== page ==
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The Taskforce on Policy, Legal, Institutional and Administrative Reforms regarding Intersex Persons in Kenya was formed by the Attorney General in May 2017. The membership of the Taskforce is drawn from various institutions including Kenya Law Reform Commission (KLRC), Office of the Attorney General & Department of Justice, Directorate of Immigration & Registration of Persons, National Gender and Equality CommissionKenya National Commission on Human Rights (KNCHR) and the CRADLE. The Taskforce has the following mandate:

  1. Compile comprehensive data regarding the number, distribution and challenges of Intersex persons;
  2. Undertake comprehensive literature review based on a comparative approach to care, treatment and protection of Intersex persons;
  3. Examine the existing policy, institutional, legislative, medical and administrative structures and systems governing Intersex persons;
  4. Recommend comprehensive reforms to safeguard the interests of Intersex persons;
  5. Develop a prioritized implementation matrix clearly stating the immediate, medium and long term reforms governing the Intersex persons; and
  6. Undertake any other activities required for the effective discharge of its mandate.

Kenya`s budget 2015/2016 was the highest in the country`s history and was presented 3 months shy of the 5th anniversary of the promulgation of our Constitution on August 27th 2010. It is worth to noting that around Kshs. 154 billion was allocated to the Governance, Justice, Law and Order Sectors signaling the Government's commitment to maintain the pace of already instituted reforms.  While we take stock of progress, we must evaluate current status of reforms which is the cornerstone in the implementation of the Constitution and give feedback to Kenyans on value for money.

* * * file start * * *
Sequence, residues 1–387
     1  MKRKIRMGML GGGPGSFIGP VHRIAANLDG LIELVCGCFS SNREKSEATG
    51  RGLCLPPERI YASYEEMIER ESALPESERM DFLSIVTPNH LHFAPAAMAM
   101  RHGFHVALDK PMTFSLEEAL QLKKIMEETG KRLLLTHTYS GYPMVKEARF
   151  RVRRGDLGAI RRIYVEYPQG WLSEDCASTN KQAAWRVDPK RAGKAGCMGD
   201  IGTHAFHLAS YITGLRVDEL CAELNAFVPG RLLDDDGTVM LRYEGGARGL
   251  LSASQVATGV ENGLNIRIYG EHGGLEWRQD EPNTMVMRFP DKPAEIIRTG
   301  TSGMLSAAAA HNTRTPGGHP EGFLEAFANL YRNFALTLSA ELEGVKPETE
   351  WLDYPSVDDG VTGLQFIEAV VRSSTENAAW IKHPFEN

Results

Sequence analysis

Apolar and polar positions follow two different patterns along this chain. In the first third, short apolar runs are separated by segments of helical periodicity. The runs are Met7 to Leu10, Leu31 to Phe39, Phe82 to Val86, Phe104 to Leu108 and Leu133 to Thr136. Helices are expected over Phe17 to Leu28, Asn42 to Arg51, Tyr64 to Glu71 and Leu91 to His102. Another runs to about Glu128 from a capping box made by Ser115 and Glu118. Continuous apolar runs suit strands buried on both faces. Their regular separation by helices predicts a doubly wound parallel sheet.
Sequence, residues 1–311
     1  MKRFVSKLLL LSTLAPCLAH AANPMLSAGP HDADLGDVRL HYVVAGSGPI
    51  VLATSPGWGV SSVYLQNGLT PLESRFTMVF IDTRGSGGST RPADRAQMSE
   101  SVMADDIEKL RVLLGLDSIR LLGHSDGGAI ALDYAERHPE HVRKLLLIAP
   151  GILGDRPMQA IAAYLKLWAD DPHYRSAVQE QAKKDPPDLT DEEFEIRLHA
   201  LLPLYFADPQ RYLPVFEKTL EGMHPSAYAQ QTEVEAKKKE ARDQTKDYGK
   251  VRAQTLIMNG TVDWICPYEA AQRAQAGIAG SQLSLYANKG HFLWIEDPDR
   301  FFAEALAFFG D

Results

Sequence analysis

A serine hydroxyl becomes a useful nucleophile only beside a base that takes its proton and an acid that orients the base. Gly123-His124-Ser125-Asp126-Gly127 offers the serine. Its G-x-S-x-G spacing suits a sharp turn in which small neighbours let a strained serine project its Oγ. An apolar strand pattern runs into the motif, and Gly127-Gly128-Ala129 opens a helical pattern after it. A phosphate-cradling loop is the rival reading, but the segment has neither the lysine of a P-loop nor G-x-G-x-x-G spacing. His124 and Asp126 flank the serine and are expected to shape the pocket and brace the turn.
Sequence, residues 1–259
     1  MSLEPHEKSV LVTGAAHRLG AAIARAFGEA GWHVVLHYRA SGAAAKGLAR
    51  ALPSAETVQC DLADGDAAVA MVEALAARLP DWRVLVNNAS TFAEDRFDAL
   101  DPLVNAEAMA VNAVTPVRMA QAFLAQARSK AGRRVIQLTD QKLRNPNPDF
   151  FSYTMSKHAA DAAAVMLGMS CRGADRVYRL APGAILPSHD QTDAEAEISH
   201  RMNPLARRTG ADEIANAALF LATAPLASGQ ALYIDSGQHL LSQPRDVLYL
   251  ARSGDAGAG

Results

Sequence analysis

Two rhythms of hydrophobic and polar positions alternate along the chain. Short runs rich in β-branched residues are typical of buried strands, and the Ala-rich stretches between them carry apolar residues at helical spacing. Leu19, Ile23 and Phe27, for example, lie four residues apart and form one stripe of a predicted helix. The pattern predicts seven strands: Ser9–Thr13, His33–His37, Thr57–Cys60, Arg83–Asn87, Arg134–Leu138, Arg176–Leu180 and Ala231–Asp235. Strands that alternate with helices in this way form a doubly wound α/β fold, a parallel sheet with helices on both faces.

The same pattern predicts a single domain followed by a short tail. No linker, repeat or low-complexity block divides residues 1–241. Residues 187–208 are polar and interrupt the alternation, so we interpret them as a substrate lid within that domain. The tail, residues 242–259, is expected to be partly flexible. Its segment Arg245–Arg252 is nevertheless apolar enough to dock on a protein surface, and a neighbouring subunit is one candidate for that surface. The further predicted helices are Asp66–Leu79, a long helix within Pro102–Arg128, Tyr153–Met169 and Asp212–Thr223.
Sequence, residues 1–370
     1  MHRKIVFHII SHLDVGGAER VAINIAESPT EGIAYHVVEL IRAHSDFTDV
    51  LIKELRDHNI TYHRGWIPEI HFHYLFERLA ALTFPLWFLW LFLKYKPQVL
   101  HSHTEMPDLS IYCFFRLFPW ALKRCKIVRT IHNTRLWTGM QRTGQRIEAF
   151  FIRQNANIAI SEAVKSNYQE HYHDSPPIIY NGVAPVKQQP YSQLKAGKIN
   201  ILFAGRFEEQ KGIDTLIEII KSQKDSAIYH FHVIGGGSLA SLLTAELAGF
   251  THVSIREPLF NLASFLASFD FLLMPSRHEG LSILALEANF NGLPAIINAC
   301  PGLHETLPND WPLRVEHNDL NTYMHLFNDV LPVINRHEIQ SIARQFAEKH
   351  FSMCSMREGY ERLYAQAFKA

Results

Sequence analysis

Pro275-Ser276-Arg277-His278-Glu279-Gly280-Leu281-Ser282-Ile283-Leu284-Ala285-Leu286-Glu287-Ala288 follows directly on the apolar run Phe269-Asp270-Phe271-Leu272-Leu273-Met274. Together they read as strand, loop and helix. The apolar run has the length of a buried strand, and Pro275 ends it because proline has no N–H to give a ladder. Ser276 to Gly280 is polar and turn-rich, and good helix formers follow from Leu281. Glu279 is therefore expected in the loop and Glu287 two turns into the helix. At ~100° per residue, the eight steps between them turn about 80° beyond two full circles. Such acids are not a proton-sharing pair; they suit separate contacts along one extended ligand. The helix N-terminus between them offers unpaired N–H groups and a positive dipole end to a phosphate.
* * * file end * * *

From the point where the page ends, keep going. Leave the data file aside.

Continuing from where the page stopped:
The Case For Reform Of The Tribunal System


At a time when Kenyans are striving to reform the judiciary, among other institutions, to ensure greater access to justice for majority of the citizens, it is imperative that we examine how Tribunals have fared in resolving disputes either between citizens inter se or between citizens and government departments in Kenya. Tribunals normally address issues of administrative justice, which would otherwise end up for adjudication and resolution by the ordinary courts. To the extent that Tribunals are an important alternative forum to the regular courts for remedying citizen’s grievances and addressing administrative justice issues, it is important to evaluate how they have discharged their critical mandate.

The Kenya Law Reform Commission is obligated by section 5 (6) (b) of the sixth schedule to the Constitution to cooperate, work together and co-ordinate with the Commission for the implementation of the Constitution and the Attorney-General in preparing and tabling in parliament, the legislation required in implementing the Constitution. This is in addition to other values and principles enshrined in the Constitution that the Kenya Law Reform Commission must ensure are adhered to in the preparation of critical legislation required to implement the Constitution both at the National and County levels of Government.

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